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Lateral Volunteer Firefighter/EMT

9978 U.S. 12, Randle, WA, USA

Type

Volunteer/Points System

Location

Within LCFD14 Response Area

About the Role

Under the supervision of the Fire Chief, the Volunteer Firefighter performs advanced firefighting work in preventing, combating, and extinguishing fires, responding to hazardous materials incidents and emergency calls which include special rescue situations such as vehicle rescue.


Work involves training for and participating in duties of protecting life and property through the performance of firefighting and emergency service activities. 


Volunteer Firefighters are required to learn and participate in the operation of apparatus and the performance of hazardous tasks under emergency conditions which may require strenuous exertion under such handicaps as smoke, fire, heat and cramped surroundings. Participation in department calls for service is required to remain an active Fire Department member. Although firefighting and emergency services work constitutes the primary and most difficult and responsible area of work, the volunteer is also required to drill. These drills consist of practice sessions dealing with various aspects of firefighting, rescue, hazardous materials awareness, and emergency medical work. 


Time spent at the station may consist of studying, custodial care and a wide variety of maintenance of departmental facilities, apparatus and equipment. Work is usually performed in accordance with explicit instructions and well defined procedures; however, performance of the work requires initiative and the exercise of independent judgment. Work is performed under the general supervision of a Department officer.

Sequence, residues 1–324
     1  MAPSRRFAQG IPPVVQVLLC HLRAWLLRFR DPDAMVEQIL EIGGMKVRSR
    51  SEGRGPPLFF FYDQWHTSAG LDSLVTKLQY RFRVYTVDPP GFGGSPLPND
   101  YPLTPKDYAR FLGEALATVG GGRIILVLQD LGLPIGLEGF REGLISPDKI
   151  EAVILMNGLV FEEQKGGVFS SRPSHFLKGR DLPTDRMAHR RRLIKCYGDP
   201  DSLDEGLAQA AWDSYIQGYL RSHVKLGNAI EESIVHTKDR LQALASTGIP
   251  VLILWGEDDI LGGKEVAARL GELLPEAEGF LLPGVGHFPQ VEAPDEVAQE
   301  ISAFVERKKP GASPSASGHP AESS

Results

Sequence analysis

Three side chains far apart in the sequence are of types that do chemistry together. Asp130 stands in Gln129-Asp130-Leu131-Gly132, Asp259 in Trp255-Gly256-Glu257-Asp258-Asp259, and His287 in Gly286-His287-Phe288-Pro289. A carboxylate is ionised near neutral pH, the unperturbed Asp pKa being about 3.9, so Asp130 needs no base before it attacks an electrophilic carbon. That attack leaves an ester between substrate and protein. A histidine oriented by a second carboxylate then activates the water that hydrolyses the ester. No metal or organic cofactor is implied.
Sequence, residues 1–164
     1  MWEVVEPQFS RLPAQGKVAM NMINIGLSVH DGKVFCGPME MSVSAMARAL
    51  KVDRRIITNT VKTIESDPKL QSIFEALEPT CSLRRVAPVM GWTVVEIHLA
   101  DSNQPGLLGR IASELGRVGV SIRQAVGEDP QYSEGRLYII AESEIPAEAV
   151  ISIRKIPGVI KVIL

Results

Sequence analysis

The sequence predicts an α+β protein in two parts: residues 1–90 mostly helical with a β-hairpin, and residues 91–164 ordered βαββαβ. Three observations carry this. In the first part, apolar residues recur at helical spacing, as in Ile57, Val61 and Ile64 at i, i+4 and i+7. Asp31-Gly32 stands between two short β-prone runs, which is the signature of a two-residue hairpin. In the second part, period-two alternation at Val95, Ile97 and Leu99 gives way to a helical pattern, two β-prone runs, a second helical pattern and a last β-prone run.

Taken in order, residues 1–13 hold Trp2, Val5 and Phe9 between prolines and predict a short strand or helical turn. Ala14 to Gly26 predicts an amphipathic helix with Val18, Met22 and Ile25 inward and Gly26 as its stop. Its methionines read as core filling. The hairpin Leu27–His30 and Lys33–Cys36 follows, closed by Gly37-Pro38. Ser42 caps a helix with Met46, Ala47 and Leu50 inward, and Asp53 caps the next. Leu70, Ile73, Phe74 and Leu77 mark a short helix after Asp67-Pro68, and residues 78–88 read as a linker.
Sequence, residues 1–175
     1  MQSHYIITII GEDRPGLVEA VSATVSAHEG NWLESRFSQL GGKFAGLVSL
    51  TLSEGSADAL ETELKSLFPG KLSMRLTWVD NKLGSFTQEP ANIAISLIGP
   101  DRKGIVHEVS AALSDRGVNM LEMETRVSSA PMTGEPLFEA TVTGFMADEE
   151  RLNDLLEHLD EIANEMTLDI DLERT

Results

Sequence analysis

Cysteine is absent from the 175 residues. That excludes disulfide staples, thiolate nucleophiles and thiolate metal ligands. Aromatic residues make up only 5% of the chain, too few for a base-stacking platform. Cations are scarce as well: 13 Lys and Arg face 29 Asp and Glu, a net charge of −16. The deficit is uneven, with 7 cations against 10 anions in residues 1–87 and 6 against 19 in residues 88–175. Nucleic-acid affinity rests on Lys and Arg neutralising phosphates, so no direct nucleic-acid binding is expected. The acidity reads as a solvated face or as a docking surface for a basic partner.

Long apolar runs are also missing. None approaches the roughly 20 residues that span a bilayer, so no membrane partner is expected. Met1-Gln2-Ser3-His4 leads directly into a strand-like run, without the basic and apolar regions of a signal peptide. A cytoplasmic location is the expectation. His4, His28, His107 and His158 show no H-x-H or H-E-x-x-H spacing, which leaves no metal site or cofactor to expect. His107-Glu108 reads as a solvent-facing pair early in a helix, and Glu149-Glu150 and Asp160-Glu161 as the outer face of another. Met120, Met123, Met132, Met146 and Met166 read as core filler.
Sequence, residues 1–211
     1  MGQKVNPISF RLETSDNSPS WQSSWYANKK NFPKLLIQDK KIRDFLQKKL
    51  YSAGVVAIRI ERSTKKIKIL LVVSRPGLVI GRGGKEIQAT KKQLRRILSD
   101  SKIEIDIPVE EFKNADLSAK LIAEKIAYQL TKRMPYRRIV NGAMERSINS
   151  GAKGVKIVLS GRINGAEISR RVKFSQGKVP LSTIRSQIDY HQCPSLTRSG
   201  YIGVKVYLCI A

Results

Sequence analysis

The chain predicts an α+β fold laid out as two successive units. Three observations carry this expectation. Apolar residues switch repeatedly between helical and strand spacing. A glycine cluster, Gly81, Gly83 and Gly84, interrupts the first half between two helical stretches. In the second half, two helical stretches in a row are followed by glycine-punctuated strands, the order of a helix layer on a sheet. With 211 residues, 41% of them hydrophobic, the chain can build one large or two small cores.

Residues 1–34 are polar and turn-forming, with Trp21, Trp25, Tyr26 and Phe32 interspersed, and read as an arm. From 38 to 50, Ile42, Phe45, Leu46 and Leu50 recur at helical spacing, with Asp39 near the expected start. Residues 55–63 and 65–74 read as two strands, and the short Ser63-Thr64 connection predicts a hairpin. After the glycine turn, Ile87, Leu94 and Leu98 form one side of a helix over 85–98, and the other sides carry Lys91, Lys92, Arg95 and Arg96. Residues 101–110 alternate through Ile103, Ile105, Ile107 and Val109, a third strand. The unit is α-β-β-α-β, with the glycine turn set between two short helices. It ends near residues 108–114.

• Responds to alarms of fire or other emergencies in accordance with department procedures.

  • After becoming qualified: drives apparatus, operates fire pumps, and auxiliary equipment.

  • Lays and connects hose, holds nozzles, and directs fog, chemical and water streams. Raises and climbs ladders, uses chemical extinguishers and a variety of other portable and related equipment.

  • Participates in training sessions and attends classes in firefighting, hazardous materials, rescue, emergency medical treatment, and related subjects.

  • Responds to calls for emergency services, prepared to perform life saving techniques and other on-site care of victims if required.

  • Responds to emergency calls for drowning, various rescue situations, accidents and natural or other catastrophes.

  • Performs a wide variety of general custodial and maintenance work in the upkeep of department apparatus, equipment, and station. Cleans and washes walls and floors. Washes, hangs, and dries hose.

  • Washes, cleans, and polishes apparatus.


This listing is intended to describe the principal functions of the Volunteer Firefighter. The listing of examples, however, shall not be construed as a complete listing of miscellaneous, incidental, or substantively similar duties which may be assigned during the normal operation of the Fire Department.

Requirements

  • Previous fire and/or EMS experience.

  • At least 18 years of age.

  • Must be of good moral character.

  • Possess a valid Washington Driver’s License.

  • High School Diploma or GED.

  • Must obey and comply with Department policies.

  • Live within our response area.